Michael Stack - AmaxxAuthor Michael Stack, CEO Amaxx LLC. He is an expert in workers’ compensation cost containment systems and helps employers reduce their workers’ comp costs by 20% to 50%.  He works as a consultant to large and mid-market clients, is a co-author of Your Ultimate Guide To Mastering Workers Comp Costs, a comprehensive step-by-step manual of cost containment strategies based on hands-on field experience, and is founder & lead trainer of Amaxx Workers’ Comp Training Center.

 

Contact: mstack@reduceyourworkerscomp.com.

Workers’ Comp Roundup Blog: https://blog.reduceyourworkerscomp.com/

 

©2018 Amaxx LLC. All rights reserved under International Copyright Law.

 

Do not use this information without independent verification. All state laws vary. You should consult with your insurance broker, attorney, or qualified professional.

 

September 11th Remembered – Tribute To Marsh And AON

Article republished from a previous post.

 

Everyone remembers where they were the when they learned the World Trade Center crumbled to the ground. I was scooping ice cream at the Mansfield Center General Store. Having recently retired from the risk management and insurance industry, I had moved back to the area, built a house in Mansfield Center and worked from my home office. I was helping my family restore and run the General Store.

 

I had an exciting career in risk management and insurance working for two of the best insurance brokers in the industry. BOTH companies had sizeable offices located in the World Trade Center. So, when Bill called and asked me if I was watching TV, did I know a plane flew into the World Trade Center, I was alarmed. Initially I thought he meant it was a small plane, but when I turned on the TV, I could see it was a huge plane and the building was on fire. And then another plane had flown into the other tower.

 

 

We Never Knew How 9/11 Could Affect An Entire Industry

 

Everyone in the risk management field “plans”… we plan for every eventuality, thinking things through. That’s what we do. We help our clients, which are large companies such as The New York Times, Universal Orlando, and USAir, etc. plan how to provide safer workplaces, safer products and safer environments. But we never planned for Sept 11. We never knew how it could affect an entire industry.

 

AON and Marsh are the two largest insurance brokers in the world and I – with a loyal team of consultants – was responsible for development of the workers’ compensation practices at those companies. Workers’ comp insurance is the largest line of insurance coverage – a huge cost to most employers – and I had found the solution to reduce those costs significantly. Helping a wide-variety of types of organizations was gratifying, and there was a new challenge every day. I had written, published, traveled, and worked hard for 25 years, so I looked forward to scaling back.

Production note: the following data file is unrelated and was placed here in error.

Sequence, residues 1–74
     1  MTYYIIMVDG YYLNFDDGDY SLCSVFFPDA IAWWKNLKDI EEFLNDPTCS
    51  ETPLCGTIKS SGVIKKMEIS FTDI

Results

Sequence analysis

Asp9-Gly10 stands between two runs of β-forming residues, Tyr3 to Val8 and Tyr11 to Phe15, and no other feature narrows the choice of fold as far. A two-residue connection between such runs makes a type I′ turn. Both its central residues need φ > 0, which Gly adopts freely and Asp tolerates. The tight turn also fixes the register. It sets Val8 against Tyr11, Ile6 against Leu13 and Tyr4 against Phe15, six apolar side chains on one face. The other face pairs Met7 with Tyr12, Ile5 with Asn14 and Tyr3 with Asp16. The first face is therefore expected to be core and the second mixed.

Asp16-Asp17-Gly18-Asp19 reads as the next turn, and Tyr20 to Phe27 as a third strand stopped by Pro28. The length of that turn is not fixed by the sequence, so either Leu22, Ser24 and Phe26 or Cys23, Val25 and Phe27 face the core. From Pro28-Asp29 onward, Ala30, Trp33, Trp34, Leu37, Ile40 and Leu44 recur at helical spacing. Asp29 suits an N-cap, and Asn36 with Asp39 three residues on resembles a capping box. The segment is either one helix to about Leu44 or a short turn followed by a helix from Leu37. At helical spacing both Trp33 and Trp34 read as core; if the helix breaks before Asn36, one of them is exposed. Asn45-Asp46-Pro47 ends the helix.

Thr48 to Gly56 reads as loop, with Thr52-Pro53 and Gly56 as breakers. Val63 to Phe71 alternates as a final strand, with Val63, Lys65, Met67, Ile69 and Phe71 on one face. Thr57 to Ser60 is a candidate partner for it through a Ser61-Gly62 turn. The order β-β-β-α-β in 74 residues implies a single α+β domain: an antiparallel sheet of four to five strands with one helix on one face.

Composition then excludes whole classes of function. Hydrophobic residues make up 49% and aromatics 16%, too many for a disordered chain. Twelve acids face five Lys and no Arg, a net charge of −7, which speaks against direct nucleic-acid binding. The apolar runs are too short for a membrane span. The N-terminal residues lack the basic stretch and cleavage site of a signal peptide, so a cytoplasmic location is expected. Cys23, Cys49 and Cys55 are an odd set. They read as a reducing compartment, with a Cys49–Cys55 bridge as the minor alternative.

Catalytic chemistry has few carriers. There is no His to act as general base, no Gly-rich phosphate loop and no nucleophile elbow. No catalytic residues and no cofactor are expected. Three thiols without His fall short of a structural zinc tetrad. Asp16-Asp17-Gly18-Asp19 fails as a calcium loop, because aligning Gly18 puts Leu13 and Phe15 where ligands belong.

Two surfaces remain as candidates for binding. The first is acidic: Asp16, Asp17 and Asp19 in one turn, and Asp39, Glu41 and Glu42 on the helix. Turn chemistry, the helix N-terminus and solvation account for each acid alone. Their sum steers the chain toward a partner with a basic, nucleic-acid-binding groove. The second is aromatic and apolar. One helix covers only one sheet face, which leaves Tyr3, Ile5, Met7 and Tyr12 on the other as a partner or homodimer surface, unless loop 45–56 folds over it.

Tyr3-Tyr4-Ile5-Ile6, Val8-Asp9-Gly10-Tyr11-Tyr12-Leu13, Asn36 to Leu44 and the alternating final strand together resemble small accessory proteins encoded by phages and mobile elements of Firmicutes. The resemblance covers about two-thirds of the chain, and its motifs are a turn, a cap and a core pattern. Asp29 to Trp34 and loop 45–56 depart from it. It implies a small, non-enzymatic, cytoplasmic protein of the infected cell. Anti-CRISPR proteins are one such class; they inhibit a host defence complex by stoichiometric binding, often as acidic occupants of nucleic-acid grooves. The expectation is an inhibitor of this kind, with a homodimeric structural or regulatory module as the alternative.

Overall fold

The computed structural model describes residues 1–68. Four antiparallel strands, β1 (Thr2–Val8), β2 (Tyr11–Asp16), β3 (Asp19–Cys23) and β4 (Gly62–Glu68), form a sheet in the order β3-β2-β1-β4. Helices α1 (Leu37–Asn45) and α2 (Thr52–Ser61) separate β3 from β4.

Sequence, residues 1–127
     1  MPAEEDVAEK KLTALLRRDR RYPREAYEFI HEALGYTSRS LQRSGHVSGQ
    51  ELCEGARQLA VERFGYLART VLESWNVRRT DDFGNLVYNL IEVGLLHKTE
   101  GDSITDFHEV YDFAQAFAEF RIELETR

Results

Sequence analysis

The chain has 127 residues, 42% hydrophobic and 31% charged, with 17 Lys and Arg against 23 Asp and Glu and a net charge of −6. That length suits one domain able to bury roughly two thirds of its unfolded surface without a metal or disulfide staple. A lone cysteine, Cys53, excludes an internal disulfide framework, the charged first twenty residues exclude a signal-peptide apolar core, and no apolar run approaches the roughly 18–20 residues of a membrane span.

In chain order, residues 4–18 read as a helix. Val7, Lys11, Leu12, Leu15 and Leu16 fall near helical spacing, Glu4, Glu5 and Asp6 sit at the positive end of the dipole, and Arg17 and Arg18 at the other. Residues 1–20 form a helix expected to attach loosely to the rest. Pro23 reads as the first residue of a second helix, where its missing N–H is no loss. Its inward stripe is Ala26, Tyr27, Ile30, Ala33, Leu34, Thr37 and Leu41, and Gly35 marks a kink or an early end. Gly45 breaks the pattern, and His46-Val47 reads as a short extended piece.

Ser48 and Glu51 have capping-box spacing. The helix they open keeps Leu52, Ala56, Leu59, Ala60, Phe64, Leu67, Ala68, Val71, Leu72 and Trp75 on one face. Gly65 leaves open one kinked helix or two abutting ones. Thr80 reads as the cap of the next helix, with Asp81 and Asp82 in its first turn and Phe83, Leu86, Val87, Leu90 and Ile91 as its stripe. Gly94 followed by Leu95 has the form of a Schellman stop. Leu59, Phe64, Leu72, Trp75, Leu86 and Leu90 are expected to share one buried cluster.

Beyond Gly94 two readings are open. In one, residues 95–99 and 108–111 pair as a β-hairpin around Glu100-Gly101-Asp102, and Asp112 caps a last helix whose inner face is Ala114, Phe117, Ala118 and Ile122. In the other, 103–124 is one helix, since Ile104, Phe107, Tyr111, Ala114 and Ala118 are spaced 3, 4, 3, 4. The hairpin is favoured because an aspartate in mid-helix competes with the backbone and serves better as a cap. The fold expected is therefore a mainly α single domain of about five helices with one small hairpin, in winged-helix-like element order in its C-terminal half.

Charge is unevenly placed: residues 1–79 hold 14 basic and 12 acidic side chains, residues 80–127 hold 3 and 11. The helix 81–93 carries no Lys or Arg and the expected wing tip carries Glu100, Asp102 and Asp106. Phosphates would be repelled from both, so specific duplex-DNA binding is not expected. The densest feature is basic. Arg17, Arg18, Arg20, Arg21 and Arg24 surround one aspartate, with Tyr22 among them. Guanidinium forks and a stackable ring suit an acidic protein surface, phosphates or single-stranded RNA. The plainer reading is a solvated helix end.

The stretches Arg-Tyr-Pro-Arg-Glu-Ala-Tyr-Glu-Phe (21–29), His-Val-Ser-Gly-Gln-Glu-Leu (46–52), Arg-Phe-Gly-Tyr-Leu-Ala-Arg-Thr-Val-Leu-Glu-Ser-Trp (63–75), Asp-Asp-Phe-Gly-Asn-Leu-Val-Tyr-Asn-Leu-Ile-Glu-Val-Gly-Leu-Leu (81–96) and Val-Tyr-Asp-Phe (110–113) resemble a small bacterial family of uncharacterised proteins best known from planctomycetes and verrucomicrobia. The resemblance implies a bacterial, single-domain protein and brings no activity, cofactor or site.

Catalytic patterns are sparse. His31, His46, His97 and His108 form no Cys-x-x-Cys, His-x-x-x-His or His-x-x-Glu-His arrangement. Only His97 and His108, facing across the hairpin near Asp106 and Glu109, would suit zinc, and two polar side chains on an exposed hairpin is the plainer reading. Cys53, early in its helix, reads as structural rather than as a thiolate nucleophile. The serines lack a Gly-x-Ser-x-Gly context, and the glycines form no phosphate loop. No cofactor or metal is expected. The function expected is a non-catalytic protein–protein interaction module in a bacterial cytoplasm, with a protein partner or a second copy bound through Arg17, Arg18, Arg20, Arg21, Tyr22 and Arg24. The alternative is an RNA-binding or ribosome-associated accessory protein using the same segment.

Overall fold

When a retirement opportunity presented itself, I left the workforce to enjoy being a mom. My daughter was 17 and Glastonbury High School had not gone well. Against her will, we had moved her to a private school, and she and I were getting reacquainted during the long drive to and from school in Farmington, CT. Life was good.

 

 

Many Former Employees Went Back To Work

 

It wasn’t part of the plan to go back to work, but two weeks after Sept 11, I went back to AON, filling in for Lisa Ehrlich. Lisa was an outsourced risk manager who worked on-site at a company in Stamford, CT. On 9/11, she had gone into the NY office for a meeting and was killed that day. I was honored to be able to help in some small way. Many former employees went back to work in the intervening years to help the brokers rebuilt their practices. Here is a remembrance of my colleagues.

 

In the 17 years since Sept 11, a new generation has taken over. Some hardly know our industry lost so many that day, key leaders and pioneers in the field of workers’ compensation cost containment. In the intervening years, my nephew, Michael Stack, has taken over a leadership role in my company and become an industry leader in his own right. I am very proud of him for carrying on the legacy and memory of our beloved colleagues lost on that fateful day.

 

 

 

Author Rebecca Shafer, JD, President of Amaxx Risk Solutions, Inc. is a national expert in the field of workers compensation. She is a writer, speaker, and publisher. Her expertise is working with employers to reduce workers compensation costs, and her clients include airlines, healthcare, printing/publishing, pharmaceuticals, retail, hospitality, and manufacturing. She is the co-author of the #1 selling book on cost containment, Workers Compensation Management Program: Reduce Costs 20% to 50%. Contact:RShafer@ReduceYourWorkersComp.com.

 

©2018 Amaxx LLC. All rights reserved under International Copyright Law.

 

Do not use this information without independent verification. All state laws vary. You should consult with your insurance broker, attorney, or qualified professional.

 

 

 

3 Critical And Simple Steps For Workers’ Comp Supervisor Training

Have ever been watching a sports game whether on TV or in person, and you see and feel the momentum shift? The team with the positive momentum can’t seem to do anything wrong. And the team with the negative momentum can’t seem to do anything right.

 

Hello, my name is Michael Stack, CEO of AMAXX, and this concept of momentum I believe is the most underrated and powerful force in our world today. And if we can harness this power of momentum, and if we can understand it and apply it to our work comp programs, the benefits can be immeasurable.

 

 

Positive or Negative Starts At First Reaction from Supervisor